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‘Justin Fields is really special,’ LeBron James said of the Bears quarterback following his outstanding NFL debut.

In the Chicago Bears’ 20-13 victory over the Miami Dolphins, NBA superstar LeBron James was blown away by rookie Justin Fields’ outstanding performance in his NFL preseason debut.
On Twitter, the five-time NBA champion described Fields as “amazing.”
Justin Fields is a ONE-OF-A-KIND GUY!!
Keep going young, LeBron James (@KingJames) August 14, 2021 Justin Fields impresses in debut For the Bears, incumbent starter Andy Dalton opened the game and played the first quarter before being substituted by Fields for the second and third quarters.
The rookie quarterback got off to a shaky start, throwing three interceptions in his first three possessions.
During the third quarter, he almost threw an interception and then mishandled the ball, only to recover it himself.
The rookie guided the offense down the field on his fourth and final drive of the quarter, setting up a field-goal try that helped the Bears get on the board.
On the first drive of the third quarter, Fields looked much more collected, throwing some assured passes before sprinting for an eight-yard touchdown.
As the game progressed, the rookie quarterback gained confidence and began to show why the Bears selected him first overall in the 2021 NFL Draft.
He marched down the field with the team on his penultimate drive and delivered a 30-yard touchdown pass to put the Bears ahead.
Fields was ejected from the game after the Bears’ final third-quarter drive ended in a three-and-out.
Fields rushed for 33 yards on five attempts and completed 14 of his 20 pass attempts for 142 yards.
He scored both of the Bears’ touchdowns during the contest.
While head coach Matt Nagy has designated Andy Dalton as the Bears’ starting quarterback for Week 1 against the Los Angeles Rams, Fields’ performance likely force him to reconsider that choice.
The NFL is too slow for Justin Fields pic.twitter.com/pkL9nhaeWk — PFF (@PFF) August 14, 2021 The Bears will play the Buffalo Bills on Saturday, August 21st, before concluding their preseason on August 29th in Nashville against the Tennessee Titans.
It wouldn’t be surprising to see Fields take the Bears’ first snap against the Rams at SoFi Stadium on September 12th, if he can perform as well and sound as confident as he did today.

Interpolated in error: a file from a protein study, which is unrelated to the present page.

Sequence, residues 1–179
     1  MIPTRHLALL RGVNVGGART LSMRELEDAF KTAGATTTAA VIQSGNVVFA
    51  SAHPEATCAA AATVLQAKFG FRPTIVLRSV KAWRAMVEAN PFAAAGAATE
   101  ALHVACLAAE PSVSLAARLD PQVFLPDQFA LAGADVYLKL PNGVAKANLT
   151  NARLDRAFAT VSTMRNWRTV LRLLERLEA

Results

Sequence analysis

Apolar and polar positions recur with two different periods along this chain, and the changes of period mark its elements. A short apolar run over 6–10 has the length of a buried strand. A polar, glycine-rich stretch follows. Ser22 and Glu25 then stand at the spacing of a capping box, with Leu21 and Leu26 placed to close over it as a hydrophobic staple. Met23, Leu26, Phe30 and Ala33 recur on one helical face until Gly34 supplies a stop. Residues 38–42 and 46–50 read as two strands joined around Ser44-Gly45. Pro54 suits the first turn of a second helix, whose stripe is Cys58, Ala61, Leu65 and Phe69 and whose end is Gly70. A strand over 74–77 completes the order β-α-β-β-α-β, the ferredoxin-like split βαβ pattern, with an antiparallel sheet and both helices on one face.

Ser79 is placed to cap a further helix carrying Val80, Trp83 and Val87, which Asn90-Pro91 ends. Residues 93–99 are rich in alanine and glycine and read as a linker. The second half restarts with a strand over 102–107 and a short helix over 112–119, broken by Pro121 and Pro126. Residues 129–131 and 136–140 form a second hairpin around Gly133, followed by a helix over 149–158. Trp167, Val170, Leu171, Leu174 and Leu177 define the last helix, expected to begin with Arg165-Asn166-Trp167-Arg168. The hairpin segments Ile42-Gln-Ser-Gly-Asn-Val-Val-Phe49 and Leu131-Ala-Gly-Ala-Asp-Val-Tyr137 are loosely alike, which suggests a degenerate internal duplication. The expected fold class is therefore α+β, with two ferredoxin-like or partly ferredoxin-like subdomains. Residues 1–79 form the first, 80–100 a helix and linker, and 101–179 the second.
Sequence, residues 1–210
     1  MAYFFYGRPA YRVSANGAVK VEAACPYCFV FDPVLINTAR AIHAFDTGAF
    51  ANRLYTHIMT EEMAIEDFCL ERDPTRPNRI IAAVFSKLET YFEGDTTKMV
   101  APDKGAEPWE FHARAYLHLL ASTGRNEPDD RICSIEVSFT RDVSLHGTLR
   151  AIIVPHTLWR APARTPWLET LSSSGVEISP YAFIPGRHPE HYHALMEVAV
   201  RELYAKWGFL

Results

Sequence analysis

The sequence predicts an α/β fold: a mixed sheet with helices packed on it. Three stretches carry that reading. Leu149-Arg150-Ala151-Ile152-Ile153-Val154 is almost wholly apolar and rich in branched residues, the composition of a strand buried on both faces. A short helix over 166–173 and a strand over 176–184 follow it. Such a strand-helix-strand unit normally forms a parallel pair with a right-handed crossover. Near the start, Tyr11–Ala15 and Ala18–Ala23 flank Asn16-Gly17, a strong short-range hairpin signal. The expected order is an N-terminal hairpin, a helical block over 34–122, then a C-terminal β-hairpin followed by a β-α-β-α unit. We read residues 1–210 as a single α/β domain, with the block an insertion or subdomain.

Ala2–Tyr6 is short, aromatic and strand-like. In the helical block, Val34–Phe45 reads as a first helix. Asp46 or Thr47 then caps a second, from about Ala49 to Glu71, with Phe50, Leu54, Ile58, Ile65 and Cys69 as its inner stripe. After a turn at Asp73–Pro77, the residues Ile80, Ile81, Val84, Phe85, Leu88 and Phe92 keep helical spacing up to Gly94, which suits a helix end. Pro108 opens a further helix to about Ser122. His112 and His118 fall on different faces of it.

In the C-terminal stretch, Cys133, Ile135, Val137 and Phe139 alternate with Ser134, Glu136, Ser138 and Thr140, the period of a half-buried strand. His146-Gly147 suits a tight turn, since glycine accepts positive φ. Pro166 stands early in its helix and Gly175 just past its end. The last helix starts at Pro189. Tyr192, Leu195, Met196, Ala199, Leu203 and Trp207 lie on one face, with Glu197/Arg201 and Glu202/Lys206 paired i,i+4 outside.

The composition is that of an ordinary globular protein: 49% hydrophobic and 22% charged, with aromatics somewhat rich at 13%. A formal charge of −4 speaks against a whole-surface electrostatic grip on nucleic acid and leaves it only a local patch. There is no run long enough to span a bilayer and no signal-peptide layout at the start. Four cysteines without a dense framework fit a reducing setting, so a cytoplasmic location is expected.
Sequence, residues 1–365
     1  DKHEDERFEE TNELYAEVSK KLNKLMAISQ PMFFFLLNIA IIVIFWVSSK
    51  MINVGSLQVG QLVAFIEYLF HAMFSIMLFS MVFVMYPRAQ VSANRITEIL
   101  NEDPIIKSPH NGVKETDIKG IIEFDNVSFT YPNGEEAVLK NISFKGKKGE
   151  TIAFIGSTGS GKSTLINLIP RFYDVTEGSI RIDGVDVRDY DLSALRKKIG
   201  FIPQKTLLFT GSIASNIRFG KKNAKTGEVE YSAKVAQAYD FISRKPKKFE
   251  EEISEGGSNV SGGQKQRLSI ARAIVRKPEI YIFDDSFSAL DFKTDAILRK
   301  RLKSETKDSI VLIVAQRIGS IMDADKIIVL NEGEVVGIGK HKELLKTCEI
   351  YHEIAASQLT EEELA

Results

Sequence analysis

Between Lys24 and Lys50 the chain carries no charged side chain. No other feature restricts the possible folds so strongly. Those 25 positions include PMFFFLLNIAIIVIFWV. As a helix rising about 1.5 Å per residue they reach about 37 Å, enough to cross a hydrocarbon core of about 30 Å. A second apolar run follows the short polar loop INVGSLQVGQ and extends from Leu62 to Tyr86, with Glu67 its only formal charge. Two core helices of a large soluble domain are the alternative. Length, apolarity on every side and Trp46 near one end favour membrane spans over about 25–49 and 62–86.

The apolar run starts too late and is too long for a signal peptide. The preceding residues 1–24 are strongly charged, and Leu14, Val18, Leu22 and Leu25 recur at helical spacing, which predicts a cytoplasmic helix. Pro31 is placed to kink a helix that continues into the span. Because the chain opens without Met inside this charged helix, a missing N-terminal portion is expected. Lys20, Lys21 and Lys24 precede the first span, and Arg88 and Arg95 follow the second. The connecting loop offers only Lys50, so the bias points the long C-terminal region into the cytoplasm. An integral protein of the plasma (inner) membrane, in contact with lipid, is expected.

Shivam Damohe edited the piece.

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Larry Fitzgerald has yet to determine whether or not to return in 2021.

Larry Fitzgerald’s future with the Arizona Cardinals is uncertain, as he has yet to determine whether or not to retire from the league.
Fitzgerald told ESPN’s Rachel Nichols that he’s still debating whether or not to return to the game.
CLICK HERE FOR MORE SPORTS COVERAGE ON FOXNEWS.COM According to reports, the Cardinals would like Fitzgerald to return for the 2021 season, but the decision to return or not is ultimately his.
“They admire how he gives a lot of vitality to the franchise.”
Jim Trotter of the NFL remarked, “They like his presence in the locker room.”
“And now for the important part:
They admire his ability to make clutch receptions,” Trotter adds. Fitz, who will turn 38 in August, may just be waiting for the Cardinals to make him an offer.
Fitzgerald was the third overall pick in the 2004 NFL Draft by the Cardinals, and he has spent his whole career in Arizona.
In his NFL career, he has started 261 of 263 games and has 17,492 yards receiving and 121 touchdowns.
In addition, he has appeared in 11 Pro Bowls.
Fitzgerald was instrumental in the Cardinals’ Super Bowl run in 2008, when he nearly won the game against the Steelers after catching a long touchdown throw from quarterback Kurt Warner in the final two minutes.
CLICK HERE TO GET THE FOX NEWS APP With training camp starting next week, Fitzgerald will have to decide what he wants to do next in his NFL career.

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As the early events at the Tokyo Olympics get begun, Japan thrashes Australia in softball.

As far as first pitches go, this one was far from ceremonial.
When Yukiko Ueno, a 39-year-old pitcher, hit the first pitch of Japan’s Olympic softball pool match against Australia, it finally signaled the start of a Games that had been delayed by a year and were still being questioned even as they began.
Only hours before, Toshiro Muto, the head of the Tokyo 2020 organizing committee, had given a very flat-bat response, prompting a new round of headlines highlighting the possibility of the most 11th-hour of 11th-hour cancellations, and the argument will undoubtedly continue for the next three weeks, and most likely into next months Paralympics as well.